Ahead of the LGBTQ+ Pride March held in Podgorica, Montenegro on Saturday, October 8, Joanikije II, the Serbian Orthodox Church (SPC) metropolitan bishop who is currently serving as the Metropolitan of Montenegro, invited “all Christians” to gather outside the Cathedral of the Resurrection of Christ in Podgorica on Friday, October 7. The SPC urged Christians to pray for the salvation of the sanctity of marriage and family, and said that, “our Christian path is a path of virtue, a path of holiness, a path of salvation, a path of fulfilling God’s commandments. This is why I invite all Christians, including you here, and you invite your loved ones, so that every family, every individual, adults, girls and boys and children come on Friday to the cathedral in Podgorica for a prayer for the salvation of the sanctity of marriage and family” according to the Metropolis of Montenegrin-Primorska (MCP).
Organized by Queer Montenegro, an NGO organization established in 2012, the tenth Montenegrin Pride March continues to work as an activist organization to support the country’s LGBTQ+ people and fight for more inclusive laws. “Also, we are increasingly building our chosen families in which we receive the support we deserve and which strengthens us. We are fighting for the survival of what forms the foundation of the family – support, love, perseverance and care,” the head of Queer Montenegro, Milos Knezevic, told the media. Montenegro Prime Minister Dritan Abazović’s office told Vijesti he would send public support to Montenegro Pride and point out the importance of freedom.
Despite Montenegro becoming the first non-EU Balkan state to legalize the Law on the Lifetime Same-Sex Partnership in 2020, which represents the first step in the new fight for full equality, the harmonization of the legislation goes beyond the involvement of the government and the national assembly. According to 2020 data from the NGO the Center for Democracy and Human Rights, the Serbian Orthodox Church accounts for approximately 90 percent of the Orthodox population. For this reason, Montenegro is still heavily influenced by the teachings and actions of the Serbian Orthodox Church that are predominantly against LGBTQ people. In a press release, the church said that “in our country events are held that directly destroy God-blessed marriage and the family, and destroy traditional values. We live in a time of instinctive totalitarianism where sin, selfishness and self-love are set as a measure of love, truth and freedom.”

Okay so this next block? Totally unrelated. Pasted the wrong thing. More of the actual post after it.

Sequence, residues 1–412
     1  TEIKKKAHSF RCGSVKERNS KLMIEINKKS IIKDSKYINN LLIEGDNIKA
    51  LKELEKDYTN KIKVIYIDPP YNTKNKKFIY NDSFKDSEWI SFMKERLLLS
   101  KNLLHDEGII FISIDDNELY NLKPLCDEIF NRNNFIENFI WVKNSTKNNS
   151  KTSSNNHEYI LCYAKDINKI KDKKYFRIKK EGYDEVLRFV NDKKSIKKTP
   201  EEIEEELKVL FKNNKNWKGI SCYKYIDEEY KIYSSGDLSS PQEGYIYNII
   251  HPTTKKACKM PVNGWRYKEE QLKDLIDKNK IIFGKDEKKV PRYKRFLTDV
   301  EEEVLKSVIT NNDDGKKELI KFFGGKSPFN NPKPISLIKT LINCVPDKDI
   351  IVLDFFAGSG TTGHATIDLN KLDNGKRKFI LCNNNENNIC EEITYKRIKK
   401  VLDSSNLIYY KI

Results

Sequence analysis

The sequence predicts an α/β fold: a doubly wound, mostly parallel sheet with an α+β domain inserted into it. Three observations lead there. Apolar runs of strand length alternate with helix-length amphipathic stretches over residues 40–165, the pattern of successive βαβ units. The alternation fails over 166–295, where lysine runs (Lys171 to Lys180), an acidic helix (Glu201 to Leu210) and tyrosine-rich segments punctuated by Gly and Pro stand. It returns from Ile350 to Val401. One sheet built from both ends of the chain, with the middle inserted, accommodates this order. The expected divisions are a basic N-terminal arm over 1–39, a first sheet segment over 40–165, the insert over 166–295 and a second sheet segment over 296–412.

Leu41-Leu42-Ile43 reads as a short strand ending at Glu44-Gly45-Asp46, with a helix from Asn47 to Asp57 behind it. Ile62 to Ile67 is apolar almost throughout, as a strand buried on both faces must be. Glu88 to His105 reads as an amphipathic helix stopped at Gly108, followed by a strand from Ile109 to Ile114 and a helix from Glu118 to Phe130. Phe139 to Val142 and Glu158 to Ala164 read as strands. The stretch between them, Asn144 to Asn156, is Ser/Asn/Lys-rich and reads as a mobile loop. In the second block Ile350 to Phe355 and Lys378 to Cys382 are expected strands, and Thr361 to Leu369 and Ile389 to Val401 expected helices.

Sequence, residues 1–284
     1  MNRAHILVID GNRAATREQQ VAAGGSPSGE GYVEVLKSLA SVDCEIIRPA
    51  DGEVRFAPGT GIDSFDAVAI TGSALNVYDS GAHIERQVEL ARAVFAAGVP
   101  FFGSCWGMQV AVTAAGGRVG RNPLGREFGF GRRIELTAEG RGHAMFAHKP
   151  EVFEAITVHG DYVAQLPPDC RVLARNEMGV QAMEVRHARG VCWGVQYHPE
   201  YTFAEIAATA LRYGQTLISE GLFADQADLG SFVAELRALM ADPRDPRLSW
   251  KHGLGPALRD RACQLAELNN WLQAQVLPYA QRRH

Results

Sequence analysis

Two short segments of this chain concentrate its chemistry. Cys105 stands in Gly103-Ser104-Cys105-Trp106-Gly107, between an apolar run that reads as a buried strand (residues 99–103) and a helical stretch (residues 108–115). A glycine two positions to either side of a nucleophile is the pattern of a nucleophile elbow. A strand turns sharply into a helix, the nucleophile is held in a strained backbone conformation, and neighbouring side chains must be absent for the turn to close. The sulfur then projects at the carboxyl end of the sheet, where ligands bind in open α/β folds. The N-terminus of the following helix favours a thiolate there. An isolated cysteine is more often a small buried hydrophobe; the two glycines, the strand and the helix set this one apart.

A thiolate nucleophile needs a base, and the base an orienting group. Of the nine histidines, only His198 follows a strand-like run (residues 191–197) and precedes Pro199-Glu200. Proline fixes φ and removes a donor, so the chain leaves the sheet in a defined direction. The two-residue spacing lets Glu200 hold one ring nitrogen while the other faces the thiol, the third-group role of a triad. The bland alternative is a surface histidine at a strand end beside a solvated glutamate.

While the hopes of Montenegro’s politicians were that passing the law would help the country join the European Union by meeting international human rights obligations, alleged discrimination against same-sex couples married abroad is still present, finds Podgorica-based NGO LGBT Forum Progress. Regardless of official supportive words and backing from Human and Minority Rights Minister Fatmir Djeka, Urban Planning Minister Ana Novakovic Djurovic, and Economy Minister Goran Djurovic attending the event, the government of Montenegro must establish measures against the SPC as to not allow their actions to contribute to the rejection and discrimination of LGBTQ people, and, of course, jeopardize Montenegro’s path to European Union membership and economic prosperity.
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